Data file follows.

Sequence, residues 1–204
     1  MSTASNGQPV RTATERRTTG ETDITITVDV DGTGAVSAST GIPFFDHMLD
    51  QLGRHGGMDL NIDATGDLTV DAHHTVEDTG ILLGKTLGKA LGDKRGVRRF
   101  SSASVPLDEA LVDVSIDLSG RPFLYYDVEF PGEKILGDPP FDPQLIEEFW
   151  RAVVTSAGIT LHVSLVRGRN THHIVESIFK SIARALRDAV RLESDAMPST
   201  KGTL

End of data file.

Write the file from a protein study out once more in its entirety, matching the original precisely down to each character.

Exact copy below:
Sequence, residues 1–204
     1  MSTASNGQPV RTATERRTTG ETDITITVDV DGTGAVSAST GIPFFDHMLD
    51  QLGRHGGMDL NIDATGDLTV DAHHTVEDTG ILLGKTLGKA LGDKRGVRRF
   101  SSASVPLDEA LVDVSIDLSG RPFLYYDVEF PGEKILGDPP FDPQLIEEFW
   151  RAVVTSAGIT LHVSLVRGRN THHIVESIFK SIARALRDAV RLESDAMPST
   201  KGTL